Thursday, July 1, 2010

Finland approves plan for two more reactors

The country is serious about energy independence and dealing with climate change

parliament_house_helsinki_finland_photo_finland_tourist_boardThe BBC reports Finland's parliament approved the construction of two new nuclear power stations by a vote of 120-72, which indicates the ruling coalition holds a majority on the issue in the 200 member chamber. The bill was opposed by Green League and the Left Alliance. The vote was briefly delayed due to a crowd of several hundred anti-nuclear demonstrators who entered the building.

The two new units will support the country's objective of achieving energy independence from natural gas supplies from Russia. The government said it expects license applications for the reactors by 2014. The two new units could start-up by 2020. The two new reactors, if built, would bring the total fleet to seven units. Finland has four nuclear units in commercial operation that produce about 30% of its electricity.

Parliament's vote referenced proposals by Finnish utility Teollisuuden Voima Oyj (TVO) and by Finland’s Fennovoima Oy to build the two new units. A decision on reactor designs was not on the table. The New York Times reported that the prosposals are for light water reactors to produce 3,200 MW of electricity. According to a report by NucNet, the municipalities of both Simo and Pyhäjoki have said they are willing to host the new plants.

TVO president and chief executive officer Jarmo Tanhua said the vote was “an important milestone towards the EU vision of CO2 neutral energy production”. He added: “Placing greater emphasis on nuclear power and renewable energy sources will help us achieve significant cuts in emissions in electricity production.”

The Bloomberg wire service reported that the government promoted the measure based on its impact on the Finnish economy.

Mauri Pekkarinen“This is a big step for the Finnish economy,” Economy Minister Mauri Pekkarinen (right) said after the decision. “It is clear stimulus that will help jolt the economy out of the apathy that’s been plaguing Finland and the rest of Europe.”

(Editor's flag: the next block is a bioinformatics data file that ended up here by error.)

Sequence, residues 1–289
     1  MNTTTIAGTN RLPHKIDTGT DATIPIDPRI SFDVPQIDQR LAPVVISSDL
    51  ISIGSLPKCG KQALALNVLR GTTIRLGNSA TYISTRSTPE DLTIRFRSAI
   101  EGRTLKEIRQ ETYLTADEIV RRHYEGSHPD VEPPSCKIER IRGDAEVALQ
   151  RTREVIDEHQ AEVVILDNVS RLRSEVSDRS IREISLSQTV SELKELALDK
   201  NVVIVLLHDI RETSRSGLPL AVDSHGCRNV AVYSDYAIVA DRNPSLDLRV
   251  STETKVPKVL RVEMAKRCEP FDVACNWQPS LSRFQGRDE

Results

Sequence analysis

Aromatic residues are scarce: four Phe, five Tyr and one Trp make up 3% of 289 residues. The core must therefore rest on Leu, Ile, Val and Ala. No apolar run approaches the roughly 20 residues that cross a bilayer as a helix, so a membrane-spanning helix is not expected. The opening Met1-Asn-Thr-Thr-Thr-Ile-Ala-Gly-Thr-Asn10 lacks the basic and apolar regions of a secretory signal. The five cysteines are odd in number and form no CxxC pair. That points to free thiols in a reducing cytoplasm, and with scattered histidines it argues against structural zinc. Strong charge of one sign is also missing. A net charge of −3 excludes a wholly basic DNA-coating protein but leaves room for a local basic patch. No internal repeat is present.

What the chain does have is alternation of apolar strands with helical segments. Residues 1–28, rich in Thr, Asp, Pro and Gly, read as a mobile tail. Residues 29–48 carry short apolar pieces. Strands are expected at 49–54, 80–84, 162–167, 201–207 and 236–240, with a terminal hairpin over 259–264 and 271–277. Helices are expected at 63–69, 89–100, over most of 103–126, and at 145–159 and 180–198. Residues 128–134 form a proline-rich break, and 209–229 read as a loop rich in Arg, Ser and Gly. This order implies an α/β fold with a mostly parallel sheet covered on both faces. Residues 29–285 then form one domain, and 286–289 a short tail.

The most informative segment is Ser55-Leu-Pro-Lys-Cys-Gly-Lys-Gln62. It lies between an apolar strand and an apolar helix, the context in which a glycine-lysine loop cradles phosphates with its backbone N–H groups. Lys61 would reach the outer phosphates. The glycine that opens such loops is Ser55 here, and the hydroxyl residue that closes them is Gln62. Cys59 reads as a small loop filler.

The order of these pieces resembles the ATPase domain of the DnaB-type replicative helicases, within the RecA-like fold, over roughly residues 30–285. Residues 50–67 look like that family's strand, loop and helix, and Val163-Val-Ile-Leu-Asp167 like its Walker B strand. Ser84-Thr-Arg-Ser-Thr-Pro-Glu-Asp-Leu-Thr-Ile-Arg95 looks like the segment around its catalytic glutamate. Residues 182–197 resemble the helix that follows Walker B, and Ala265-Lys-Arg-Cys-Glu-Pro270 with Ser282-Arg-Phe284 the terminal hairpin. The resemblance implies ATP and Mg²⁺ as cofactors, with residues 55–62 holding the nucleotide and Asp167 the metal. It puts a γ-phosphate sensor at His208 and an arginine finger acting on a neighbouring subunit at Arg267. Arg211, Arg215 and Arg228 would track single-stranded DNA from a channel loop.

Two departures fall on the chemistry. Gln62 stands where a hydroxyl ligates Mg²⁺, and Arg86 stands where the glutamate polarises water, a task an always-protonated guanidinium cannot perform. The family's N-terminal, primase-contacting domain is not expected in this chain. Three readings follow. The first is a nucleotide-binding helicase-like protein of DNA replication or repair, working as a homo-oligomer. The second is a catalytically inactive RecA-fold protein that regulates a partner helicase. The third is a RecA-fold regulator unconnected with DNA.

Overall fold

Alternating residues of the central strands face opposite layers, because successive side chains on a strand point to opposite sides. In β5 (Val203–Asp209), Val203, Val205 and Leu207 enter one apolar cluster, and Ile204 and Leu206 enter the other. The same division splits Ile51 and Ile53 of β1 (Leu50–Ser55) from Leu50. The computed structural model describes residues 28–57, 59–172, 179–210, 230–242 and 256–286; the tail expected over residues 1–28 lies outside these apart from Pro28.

He told the New York Times there would be no public subsidy for the two new reactors which could cost $10 billion. He said the private sector would handle financing of the project.

Finland also depends on biomass (wood) and hydropower for its energy needs. The country is among Europe’s highest per-capita users of electricity due to bitter arctic cold that sweeps across the country in winter.

OL3 status update

The action in Finland comes as schedule delays and cost over runs for the first-of-a-kind reactor at Olkiluoto-3 (OL3) push the start of revenue service to 2013.

Delays and cost over runs at OL3 have hit hard in Areva’s balance sheet. The firm said June 23 it expects to report a loss for the first half of 2010 and will make a [euro]400 million provision for additional costs associated with the Finnish reactor project.

There was some progress at OL3 with the installation of the reactor pressure vessel on June 21. The 420 ton unit was the first of series of actions to install heavy components of the plant. Areva said in a press release steam generators will be installed by the end of 2010.

Areva’s U.S. plans updated

Anne LauvergeonMeanwhile, Areva CEO Anne Lauvergeon (right) told Forbes Magazine in an interview Areva expects Constellation Energy to get a federal loan guarantee in 2010 for a planned U.S. version of the 1,650 MW EPR reactor at Calvert Cliffs, MD. The project is expected to get an NRC license and break ground in 2012.

She also said the company is serious about a long-shot reactor project in Fesno, CA. The state has a three-decade old ban on new reactors in place, but depends on nuclear energy from reactors in Arizona for electricity to power the southern third of the state. The ban says that as long as there is no solution to dealing with spent nuclear fuel, no new reactors can be built in the state.

Lauvergeon visited the farming region in late March of this year. She said if a reactor is built there, the spent fuel will be taken back to France where it will be recycled thus bypassing the core element of California’s ban on new plants.

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